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Postmaster Frazier Baker and his younger daughter had been lynched in South Carolina on February 22, 1898

Lake City whites were concerned about a black being given a position of authority over what was happening throughout the south during the rebuilding process. We are seeing the same reactions today, not just in the south.

Ericka Benedicto, who wrote for Black Past, described the horror in "Lynching Julia and Frazier Baker (1898)":

On February 22, 1898, Lavinia woke up around 1:00 a.m. to find that her house – which also served as a post office – had been set on fire by a crowd of whites. Lavinia quickly alerted Baker, who immediately tried to put out the fire. Lavinia then took her youngest child, two-year-old Julia, in her arms and took the other five children together.

Desperate to keep his family out of harm's way, Baker opened the front door, but gunfire hit him in the head and body, killing him as he fell backward into the blazing building. Lavinia was also shot while escaping. She was hit in the forearm, causing her to drop Julia. The bullet that struck Lavinia also fatally shot Julia. Both Baker and his young daughter Julia lay dead on the floor as flames consumed their bodies.

Lavinia and her surviving children fled to a neighbor's house. There she saw the critical gunshot wounds of three of her children. Notably, two of her children were physically unharmed.

The Equal Justice Initiative reported the following injustice.

The remains of Mr. Frazier and Juliet were cremated beyond recognition – the local white newspaper insensibly reported that they had been "cremated in the flames". The federal post office and all its equipment were consumed in the fire, and the citizens of Lake City no longer had a post office.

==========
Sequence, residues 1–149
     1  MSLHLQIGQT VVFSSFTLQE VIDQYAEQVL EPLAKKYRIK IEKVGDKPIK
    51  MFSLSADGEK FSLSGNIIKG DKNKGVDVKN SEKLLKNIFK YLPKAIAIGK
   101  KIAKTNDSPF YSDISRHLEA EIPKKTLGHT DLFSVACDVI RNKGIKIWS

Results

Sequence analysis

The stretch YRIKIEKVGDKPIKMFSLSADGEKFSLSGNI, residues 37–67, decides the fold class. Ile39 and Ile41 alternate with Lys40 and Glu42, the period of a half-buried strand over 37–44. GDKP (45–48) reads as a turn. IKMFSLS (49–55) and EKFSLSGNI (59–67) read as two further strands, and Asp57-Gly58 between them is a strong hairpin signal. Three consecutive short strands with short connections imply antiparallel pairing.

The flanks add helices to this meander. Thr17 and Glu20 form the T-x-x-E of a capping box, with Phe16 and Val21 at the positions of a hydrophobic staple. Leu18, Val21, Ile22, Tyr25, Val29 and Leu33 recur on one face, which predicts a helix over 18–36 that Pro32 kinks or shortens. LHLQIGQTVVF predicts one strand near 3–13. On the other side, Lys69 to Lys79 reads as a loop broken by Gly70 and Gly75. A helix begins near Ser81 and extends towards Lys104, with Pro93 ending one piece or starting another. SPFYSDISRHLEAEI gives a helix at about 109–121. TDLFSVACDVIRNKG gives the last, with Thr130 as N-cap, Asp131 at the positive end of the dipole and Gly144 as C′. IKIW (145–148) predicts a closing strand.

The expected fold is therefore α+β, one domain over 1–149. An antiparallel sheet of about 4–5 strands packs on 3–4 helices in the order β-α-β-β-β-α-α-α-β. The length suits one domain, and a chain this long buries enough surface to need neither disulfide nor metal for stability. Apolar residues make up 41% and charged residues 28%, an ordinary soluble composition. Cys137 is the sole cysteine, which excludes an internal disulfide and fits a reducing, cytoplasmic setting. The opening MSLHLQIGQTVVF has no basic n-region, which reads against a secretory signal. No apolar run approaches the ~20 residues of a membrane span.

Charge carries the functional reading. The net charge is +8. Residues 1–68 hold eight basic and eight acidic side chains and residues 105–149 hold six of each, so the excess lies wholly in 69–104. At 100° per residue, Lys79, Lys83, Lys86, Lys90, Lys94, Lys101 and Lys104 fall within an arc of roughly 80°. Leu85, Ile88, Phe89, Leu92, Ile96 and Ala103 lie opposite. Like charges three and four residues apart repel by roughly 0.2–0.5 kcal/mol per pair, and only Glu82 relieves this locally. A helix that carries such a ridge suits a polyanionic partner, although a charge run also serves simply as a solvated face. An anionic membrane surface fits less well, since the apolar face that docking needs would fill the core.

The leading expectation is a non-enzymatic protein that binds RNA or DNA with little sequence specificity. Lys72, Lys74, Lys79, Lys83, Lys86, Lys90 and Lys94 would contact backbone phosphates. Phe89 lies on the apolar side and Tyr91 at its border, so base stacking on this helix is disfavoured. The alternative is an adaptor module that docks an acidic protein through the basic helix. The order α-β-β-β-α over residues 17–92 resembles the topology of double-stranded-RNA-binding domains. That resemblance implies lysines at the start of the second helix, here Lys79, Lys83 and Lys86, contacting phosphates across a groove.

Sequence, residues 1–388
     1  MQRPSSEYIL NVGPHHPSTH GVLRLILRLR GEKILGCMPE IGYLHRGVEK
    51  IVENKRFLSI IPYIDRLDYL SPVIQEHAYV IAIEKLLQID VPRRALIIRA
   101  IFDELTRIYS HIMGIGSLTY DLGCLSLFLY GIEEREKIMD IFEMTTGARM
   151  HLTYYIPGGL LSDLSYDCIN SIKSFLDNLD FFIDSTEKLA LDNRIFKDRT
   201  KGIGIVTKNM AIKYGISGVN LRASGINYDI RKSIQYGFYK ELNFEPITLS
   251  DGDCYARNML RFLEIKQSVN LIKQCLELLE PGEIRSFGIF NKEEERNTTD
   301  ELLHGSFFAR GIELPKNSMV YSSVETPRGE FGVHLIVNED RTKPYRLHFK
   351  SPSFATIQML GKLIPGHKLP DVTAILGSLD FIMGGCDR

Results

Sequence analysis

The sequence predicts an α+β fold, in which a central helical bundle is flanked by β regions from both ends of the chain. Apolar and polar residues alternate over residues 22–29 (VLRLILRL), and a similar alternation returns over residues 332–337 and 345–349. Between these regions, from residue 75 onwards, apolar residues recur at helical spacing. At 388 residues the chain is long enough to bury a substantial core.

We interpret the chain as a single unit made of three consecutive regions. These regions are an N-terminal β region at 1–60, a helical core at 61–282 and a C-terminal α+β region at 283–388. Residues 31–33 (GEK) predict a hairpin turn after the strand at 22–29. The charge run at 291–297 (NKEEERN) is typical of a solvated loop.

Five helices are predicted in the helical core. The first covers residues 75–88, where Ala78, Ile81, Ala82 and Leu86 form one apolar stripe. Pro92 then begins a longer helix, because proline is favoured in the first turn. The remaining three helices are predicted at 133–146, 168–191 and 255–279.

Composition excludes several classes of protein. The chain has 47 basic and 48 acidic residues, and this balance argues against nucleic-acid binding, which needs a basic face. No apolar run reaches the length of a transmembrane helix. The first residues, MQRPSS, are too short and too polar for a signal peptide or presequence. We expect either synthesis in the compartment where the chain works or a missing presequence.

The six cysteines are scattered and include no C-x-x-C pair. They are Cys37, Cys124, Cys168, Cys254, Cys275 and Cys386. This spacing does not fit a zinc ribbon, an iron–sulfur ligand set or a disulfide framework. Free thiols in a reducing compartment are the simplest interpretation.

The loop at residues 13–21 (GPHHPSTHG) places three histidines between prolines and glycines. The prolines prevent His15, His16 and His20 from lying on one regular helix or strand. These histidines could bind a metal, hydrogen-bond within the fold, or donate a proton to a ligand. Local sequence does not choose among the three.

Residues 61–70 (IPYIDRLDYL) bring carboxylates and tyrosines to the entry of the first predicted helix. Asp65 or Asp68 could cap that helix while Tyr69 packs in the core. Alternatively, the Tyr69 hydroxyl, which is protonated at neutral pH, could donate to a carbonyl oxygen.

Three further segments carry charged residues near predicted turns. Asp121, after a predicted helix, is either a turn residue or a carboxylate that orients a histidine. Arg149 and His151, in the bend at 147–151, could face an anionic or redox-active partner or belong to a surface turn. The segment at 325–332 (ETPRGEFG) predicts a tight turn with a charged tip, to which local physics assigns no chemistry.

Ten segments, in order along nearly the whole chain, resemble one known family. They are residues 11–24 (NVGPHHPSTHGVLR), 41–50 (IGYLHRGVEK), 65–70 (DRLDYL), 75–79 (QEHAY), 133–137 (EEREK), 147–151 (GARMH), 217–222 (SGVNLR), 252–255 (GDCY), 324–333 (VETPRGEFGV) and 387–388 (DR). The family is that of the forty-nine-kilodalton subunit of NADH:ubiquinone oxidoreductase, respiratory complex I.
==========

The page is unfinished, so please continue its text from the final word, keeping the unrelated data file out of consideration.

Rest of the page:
Members of the Black Community held a mass gathering at the Pilgrim Baptist Church and drafted a public statement expressing their outrage over the lynching. The murder sparked a national campaign of letters, activism, and advocacy led by Ida B. Wells and others that eventually persuaded President McKinley to order a federal investigation into the prosecution of 11 white men who were involved in the lynching Baker were involved. Despite abundant evidence, an all-white jury refused to convict any of the accused.

Failure to receive convictions for crimes committed by white supremacists against blacks continues. Black “history” is also our black reality today.

For more details, I suggest that you read Trichita M. Chestnut's article "Lynching: Ida B. Wells-Barnett and the Outrage over the Frazier Baker Murder" in the prologue.

In 2019, 121 years after his lynching, the Lake City post office was renamed in his honor. South Carolina Congressman Jim Clyburn was interviewed for this story and talked about not knowing this story.

Although we banish focus on black history to one month of the year, it is clear that we need to make sure that it becomes part of "history" as taught in our schools.

If you're wondering what happened to the Baker family, Michael Eli Dokosi, who wrote for Face2FaceAfrica, reported:

The all-white jury was made up of business people from across the state. Newham, the prosecutor's star witness, admitted to starting the fire and identified eight of the accused as implicated in the killings.

The jury deliberated around 24 hours before declaring a mistrial. The jury was stuck when it came to a verdict, five to five. The case was never repeated.

Lavinia Baker and her five surviving children stayed in Charleston for a few months after the verdict before settling near Boston.

The bakers stayed in Boston, but outside of public life. The surviving Baker children fell victim to a tuberculosis epidemic with four children {William; Sarah; Lincoln, Cora} dies of the disease 1908-1920. Lavinia’s last surviving child, Rosa Baker, died in 1942. After Lavinia Baker lost all of her children, she returned to Florence County, where she lived until her life death in Cartersville, South Carolina in 1947.

None of the victims of racial violence in this nation will "rest in peace" until we remove the racism that led to their death.

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